’50% lie on Social Networks’. How to avoid being a Social Media Fraud

Social Media is supposed to be a place where business and personal users alike can be themselves. We can share whatever we like and don’t like; and engage with those that we choose.

A recent Telstra survey has revealed an interesting admission from personal Social Media users.

ALMOST half of 18 to 30-year-olds admitted using the Facebook Places “check-in” feature – which allows mobile users at a location such as a bar of cafe to let others know where they are – to make themselves look good

ONE in 10 regularly fake where they are in a bid to improve their social status

A THIRD of Gen Ys confessed to downloading quirky iPhone apps designed to be seen by others rather than be actually used

THE same number admit to claiming Facebook or Twitter posts passed on to friends as their own in an effort to appear clever

ALMOST 70% of those surveyed believed their friends use Facebook Places and status updates to appear cooler than they really were.

So how about businesses? How truthful and upfront are businesses being on Twitter, Facebook, and other social mediums?

If you are looking at being successful on any of the many social media platforms, here are some things you should avoid in becoming a ‘Social Media Fraud’.

Make your point

Too many companies out there are on Twitter and run a blog because they think they should. Start a company blog and social media profile for the right reasons. Have a clear objective and direction.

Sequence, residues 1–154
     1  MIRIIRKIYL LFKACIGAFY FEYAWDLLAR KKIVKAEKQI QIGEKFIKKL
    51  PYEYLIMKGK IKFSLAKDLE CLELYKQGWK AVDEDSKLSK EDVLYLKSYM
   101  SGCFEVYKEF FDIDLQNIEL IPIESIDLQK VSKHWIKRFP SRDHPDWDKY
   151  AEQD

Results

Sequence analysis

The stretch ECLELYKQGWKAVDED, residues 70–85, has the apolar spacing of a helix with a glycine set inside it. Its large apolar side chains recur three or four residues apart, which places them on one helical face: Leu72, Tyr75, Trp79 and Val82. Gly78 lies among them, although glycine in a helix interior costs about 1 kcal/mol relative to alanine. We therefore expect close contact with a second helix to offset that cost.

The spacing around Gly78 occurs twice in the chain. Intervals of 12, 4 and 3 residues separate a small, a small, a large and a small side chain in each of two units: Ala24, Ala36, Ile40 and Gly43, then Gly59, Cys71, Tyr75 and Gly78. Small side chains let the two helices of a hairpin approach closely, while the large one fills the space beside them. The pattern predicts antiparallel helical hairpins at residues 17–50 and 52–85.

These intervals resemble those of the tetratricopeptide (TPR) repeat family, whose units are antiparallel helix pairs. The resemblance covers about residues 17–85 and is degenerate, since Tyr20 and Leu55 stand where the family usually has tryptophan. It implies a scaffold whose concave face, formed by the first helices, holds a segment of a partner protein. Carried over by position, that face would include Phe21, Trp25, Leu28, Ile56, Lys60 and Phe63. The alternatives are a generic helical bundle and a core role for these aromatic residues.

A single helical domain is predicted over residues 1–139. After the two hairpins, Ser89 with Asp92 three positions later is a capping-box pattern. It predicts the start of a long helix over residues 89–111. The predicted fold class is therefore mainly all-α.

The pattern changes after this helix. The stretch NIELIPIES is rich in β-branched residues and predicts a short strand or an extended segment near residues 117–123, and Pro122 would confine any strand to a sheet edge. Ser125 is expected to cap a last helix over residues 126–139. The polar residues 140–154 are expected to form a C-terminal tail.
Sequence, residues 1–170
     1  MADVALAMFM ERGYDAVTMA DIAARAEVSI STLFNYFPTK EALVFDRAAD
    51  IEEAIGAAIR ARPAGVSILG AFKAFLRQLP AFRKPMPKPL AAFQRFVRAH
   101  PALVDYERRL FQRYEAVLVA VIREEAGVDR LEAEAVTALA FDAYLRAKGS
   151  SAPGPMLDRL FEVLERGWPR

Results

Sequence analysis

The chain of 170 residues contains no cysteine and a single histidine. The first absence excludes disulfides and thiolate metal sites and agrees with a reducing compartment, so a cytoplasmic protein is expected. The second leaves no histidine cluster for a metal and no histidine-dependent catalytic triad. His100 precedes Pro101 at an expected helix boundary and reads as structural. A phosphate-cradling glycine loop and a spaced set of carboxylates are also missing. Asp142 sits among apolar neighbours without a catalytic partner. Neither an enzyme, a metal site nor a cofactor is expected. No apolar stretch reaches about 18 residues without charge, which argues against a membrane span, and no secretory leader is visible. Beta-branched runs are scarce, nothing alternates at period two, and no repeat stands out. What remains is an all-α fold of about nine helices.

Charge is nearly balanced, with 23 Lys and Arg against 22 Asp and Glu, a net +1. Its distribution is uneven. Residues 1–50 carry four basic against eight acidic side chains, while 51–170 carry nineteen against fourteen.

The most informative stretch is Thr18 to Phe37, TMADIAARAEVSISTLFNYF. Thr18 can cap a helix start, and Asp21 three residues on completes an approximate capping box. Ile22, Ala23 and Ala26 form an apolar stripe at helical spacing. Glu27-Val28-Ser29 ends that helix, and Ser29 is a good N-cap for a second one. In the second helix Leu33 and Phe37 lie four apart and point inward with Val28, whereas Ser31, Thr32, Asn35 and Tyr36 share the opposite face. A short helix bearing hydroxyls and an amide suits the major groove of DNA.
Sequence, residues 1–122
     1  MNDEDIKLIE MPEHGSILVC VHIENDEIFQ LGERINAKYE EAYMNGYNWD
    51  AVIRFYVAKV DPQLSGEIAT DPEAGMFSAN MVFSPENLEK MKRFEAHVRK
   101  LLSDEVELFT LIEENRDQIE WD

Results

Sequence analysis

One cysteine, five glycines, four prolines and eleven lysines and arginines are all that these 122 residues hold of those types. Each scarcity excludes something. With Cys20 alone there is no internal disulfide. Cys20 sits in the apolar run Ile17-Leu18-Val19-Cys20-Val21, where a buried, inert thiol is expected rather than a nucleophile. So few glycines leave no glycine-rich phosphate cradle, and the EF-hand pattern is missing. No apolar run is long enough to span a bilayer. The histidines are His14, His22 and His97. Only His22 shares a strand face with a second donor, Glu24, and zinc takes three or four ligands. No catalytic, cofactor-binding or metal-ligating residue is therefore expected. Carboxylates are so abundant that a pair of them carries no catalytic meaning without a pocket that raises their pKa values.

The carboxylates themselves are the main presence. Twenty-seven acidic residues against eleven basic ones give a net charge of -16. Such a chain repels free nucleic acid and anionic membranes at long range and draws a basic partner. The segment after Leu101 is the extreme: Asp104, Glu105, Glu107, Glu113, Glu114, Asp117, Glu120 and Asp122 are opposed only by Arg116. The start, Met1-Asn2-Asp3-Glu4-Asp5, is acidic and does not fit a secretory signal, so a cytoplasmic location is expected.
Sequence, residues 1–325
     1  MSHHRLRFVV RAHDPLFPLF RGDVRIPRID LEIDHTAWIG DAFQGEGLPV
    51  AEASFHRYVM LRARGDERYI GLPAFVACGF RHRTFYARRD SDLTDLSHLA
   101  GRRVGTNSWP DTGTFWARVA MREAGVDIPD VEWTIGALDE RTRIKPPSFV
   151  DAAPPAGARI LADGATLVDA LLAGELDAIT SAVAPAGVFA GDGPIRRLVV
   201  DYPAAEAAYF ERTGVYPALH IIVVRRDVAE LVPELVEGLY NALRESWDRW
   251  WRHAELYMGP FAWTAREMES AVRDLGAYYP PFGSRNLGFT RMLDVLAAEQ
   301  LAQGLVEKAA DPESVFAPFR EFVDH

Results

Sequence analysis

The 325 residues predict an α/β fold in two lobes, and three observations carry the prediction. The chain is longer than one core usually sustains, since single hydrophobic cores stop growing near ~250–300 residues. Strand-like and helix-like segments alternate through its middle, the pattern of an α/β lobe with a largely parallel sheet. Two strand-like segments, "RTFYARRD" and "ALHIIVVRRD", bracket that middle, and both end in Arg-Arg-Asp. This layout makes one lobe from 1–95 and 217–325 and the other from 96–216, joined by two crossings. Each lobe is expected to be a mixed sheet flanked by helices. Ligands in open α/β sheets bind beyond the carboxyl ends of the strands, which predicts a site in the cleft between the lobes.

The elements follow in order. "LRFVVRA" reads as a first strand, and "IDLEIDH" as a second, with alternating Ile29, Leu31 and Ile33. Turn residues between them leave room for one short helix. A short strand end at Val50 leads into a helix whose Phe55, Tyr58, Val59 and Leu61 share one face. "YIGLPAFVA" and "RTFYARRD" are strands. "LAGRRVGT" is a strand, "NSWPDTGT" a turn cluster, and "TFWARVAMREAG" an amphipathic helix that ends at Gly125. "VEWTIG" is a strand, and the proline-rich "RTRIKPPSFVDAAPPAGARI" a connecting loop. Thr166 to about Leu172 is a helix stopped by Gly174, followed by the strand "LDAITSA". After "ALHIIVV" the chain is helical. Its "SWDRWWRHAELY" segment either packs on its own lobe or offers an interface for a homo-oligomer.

Talk their language

The important thing about social media is to engage, so tone down the formalities and be more relaxed and casual.

Don’t tell porkies

If you tell a lie and get busted, you’re done for in the public arena. Don’t do it.

Non disclosure

Ignoring problems or issues is as bad as lying, the objectives of social media should be to engage, address, and discover issues-both good and bad. Be upfront and admit your mistakes.

Being too personal or not personal enough.

People want to get to know the real you, but not the WHOLE you. You need to find a balance between creating a relationship with the customer, retaining professionalism.

Know what you’re talking about

If you don’t know the things you are talking about, don’t talk. Social media needs to be authentic, not all about your ‘strategy’. Getting your latest intern to run your social media strategy is headed for disaster.

Social media needs to be handled carefully. Just like in real life, telling the truth will always be the best result. Don’t be ‘that guy’ who tells all the lies, it will stick and cost you business.


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About James

James Richardson started his online career running online Sports Fan sites (Luckily none are still online today), with the pinnacle being a write up in the Sunday Herald Sun ‘Wired’ column.Running several successful online websites and businesses himself, he is well placed at understanding what your business needs.


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